Those are only my thoughts and I don't want to upset anyone at all. I tend to look at the over all performance of what I am trying to make vs how it looks. Meaning I tend to make some really ugly blades, lol.

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I understand where you are coming from Jo and I agree. I'm going to continue to experiment with this and ditch the clay and see if room temperature oil will do the trick by itself.

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Here's a picture of the current cruforge and 1018 gyuto currently at 60 grit. I was hoping the core would've been closer to the edge but I think if I forge the blade thinner next time that problem should be alleviated.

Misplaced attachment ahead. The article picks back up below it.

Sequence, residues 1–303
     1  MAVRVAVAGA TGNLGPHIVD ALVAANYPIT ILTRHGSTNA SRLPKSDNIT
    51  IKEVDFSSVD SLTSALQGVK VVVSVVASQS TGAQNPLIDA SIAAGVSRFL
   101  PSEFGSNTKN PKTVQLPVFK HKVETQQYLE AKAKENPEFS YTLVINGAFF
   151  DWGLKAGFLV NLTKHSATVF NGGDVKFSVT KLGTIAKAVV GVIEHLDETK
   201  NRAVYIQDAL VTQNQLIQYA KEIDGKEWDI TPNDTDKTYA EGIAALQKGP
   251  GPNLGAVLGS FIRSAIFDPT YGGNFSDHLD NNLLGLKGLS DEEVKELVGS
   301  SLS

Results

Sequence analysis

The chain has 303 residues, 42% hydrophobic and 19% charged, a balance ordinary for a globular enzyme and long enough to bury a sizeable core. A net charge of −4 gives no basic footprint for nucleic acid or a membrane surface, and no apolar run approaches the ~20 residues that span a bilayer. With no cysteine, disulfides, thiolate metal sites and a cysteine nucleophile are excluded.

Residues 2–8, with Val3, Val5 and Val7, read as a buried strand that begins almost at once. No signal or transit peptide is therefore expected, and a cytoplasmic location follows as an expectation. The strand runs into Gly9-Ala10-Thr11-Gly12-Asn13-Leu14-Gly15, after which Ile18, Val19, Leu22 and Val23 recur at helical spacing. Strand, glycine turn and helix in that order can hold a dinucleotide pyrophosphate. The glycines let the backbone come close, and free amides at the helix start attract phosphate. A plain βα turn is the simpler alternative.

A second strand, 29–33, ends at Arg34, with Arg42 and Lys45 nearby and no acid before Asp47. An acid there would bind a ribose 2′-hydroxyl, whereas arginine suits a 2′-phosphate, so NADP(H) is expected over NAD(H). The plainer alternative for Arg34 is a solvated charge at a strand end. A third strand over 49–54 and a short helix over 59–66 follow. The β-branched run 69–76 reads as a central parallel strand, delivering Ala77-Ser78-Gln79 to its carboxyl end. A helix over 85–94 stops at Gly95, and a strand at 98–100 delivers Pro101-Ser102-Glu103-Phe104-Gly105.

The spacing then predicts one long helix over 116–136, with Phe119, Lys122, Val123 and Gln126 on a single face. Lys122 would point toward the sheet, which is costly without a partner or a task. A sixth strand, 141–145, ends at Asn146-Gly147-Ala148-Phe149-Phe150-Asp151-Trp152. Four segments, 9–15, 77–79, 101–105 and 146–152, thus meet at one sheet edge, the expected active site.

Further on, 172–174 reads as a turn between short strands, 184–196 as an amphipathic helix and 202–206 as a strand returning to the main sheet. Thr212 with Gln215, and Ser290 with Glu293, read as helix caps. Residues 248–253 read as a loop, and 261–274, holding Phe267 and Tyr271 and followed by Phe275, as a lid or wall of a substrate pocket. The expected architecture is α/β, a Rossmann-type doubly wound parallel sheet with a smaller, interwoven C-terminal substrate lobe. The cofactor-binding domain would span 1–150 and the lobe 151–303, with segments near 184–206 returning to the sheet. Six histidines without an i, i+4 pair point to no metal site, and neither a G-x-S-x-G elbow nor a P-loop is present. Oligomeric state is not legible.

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If the purpose behind san-mai is to have an ultra hard core, it should be noted that if the blade is not tempered back sufficiently the edge will still chip. I use primarily shallow hardening steels, so it matters little if the entire blade is quenched, I'm still not going to get full hardness all the way through the blade... the edge-quench is entirely to avoid the blade being ripped apart, in this case it serves no other purpose. With a deep hardening steel like cru-forge I think the slower quenchant would be a better solution.